For months, Republican gubernatorial candidate Dino Rossi has been selling the idea it doesn't matter if he were to be Washington's first anti-abortion governor in more than 30 years. "I'm not running for Supreme Court," he says over and over again.
Rossi will repeat that in that smooth salesman voice of his until someone calls him on it. Well, it does matter. It matters where he stands on a variety of social issues, including abortion, gay rights and stem-cell research.
Rossi opposes abortion except in the case of rape or incest, or to save the life of the mother, which puts him to the right of pro-choice Washingtonians who, if anything, have a libertarian streak on such issues.
To be clear, few people favor abortion. A lot of people want the option if they have to make a difficult personal choice. They want government to butt out of a most personal decision. Our state long has been uniquely insistent on having this prerogative and fiercely protective of individual rights.
In 1970, three years before Roe v. Wade, Washington voters decided by initiative to legalize abortion. There have been three other initiatives since, confirming Washington's pro-choice sentiments. But it is a thin line of protection.
Any initiative can be changed after two years by a vote of 50 percent of the Legislature plus one, plus a governor's signature.
At the federal level, the Supreme Court's narrow split favoring a legal right to abortion is tentative. Some members of the Supreme Court are elderly or not in the best health. If President Bush is re-elected, the balance could shift.
Rossi says he has been in the Legislature seven years and never penned an anti-choice bill.
Good for him, but that statement does not wipe away legitimate concerns about his stance. Being governor is a different proposition. A governor can be non-interventionist until a bill limiting the right comes to his desk. Then the top official has to decide; it is hard to imagine Rossi's personal views would not come into play.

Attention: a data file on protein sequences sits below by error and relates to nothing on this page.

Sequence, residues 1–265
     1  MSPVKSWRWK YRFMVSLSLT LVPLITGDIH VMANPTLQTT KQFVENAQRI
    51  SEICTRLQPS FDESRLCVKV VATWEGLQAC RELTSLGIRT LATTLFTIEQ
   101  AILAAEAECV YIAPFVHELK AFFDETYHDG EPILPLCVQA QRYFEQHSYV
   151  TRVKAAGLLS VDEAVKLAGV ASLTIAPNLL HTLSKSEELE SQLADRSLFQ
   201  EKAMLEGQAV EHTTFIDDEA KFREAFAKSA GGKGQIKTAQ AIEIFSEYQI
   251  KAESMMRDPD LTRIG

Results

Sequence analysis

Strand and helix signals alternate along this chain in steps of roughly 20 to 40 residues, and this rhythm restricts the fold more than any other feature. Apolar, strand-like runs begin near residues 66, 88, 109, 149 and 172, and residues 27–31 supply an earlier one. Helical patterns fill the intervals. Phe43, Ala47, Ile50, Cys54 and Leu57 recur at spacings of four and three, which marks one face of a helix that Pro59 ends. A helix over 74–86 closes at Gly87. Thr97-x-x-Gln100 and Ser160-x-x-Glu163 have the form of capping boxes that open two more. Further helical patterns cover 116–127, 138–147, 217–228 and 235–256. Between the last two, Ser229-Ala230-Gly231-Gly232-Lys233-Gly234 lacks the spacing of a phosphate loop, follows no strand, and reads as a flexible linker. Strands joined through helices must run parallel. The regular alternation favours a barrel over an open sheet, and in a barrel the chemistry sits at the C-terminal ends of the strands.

A variety of bills is possible — legislation banning so-called late-term abortions, imposing waiting periods for abortion of 24 to 48 hours or limiting state funding of abortions for poor women.
Currently in Washington, Medicaid money covers abortion for poor women, but an anti-choice Legislature and governor could change that, explained state Rep. Eileen Cody, the West Seattle Democrat, nurse and chairwoman of the House Health Care Committee.
Rossi is affable, smart and has some marks of moderation compared with more recent GOP candidates. He serves admirably on the board of the Nature Conservancy, a group that believes in the wise principle of buying some of the land it wants to protect.
But several positions are troubling: his stance on abortion; his decision to back an initiative years ago that unraveled affirmative-action programs in public hiring and education; and his support for a constitutional amendment banning gay marriage.
Consider, for example, the views of Rob McKenna, the Republican King County Councilman running for state attorney general. What I like about McKenna is he studies issues intensely, absorbs the information and then commonly carves a thoughtful, middle-ground position.
McKenna opposes abortion personally but does not think the government should restrict a woman's basic right to choose.
Same, too, with the last Republican governor, John Spellman, elected in 1980, who describes himself as pro-choice with reservations. "I personally don't endorse abortion but I support a woman's right to choose one."
On gay marriage, Rossi, again, is more conservative than most Washingtonians, including many Republicans. Within hours of George Bush's decision to support the constitutional ban on gay marriage, Rossi said he, too, supports using the Constitution to ban gay marriage.
McKenna personally believes marriage should be between a man and a woman, but he opposes the use of the Constitution to ban gay marriage. Thoughtful middle ground.
On the heated issue of stem-cell research, Rossi supports adult stem-cell research but favors using federal funds on existing embryonic stem-cell lines, not new embryonic stem cells.
Selecting a governor is one of the most important decisions voters will make this year, and as always, they will make it on a wide range of subjects, everything from the economy to business regulations to personal ethics and managerial experience.
But Rossi cannot pretend his views on social issues are ho-hum or insignificant. They matter to a lot of voters, especially women. He cannot will these issues away.
Joni Balter's column appears regularly on editorial pages of The Times. Her e-mail address is firstname.lastname@example.org. Look for more of her thoughts on the STOP blog, our editorial online journal at www.seattletimes.com/stop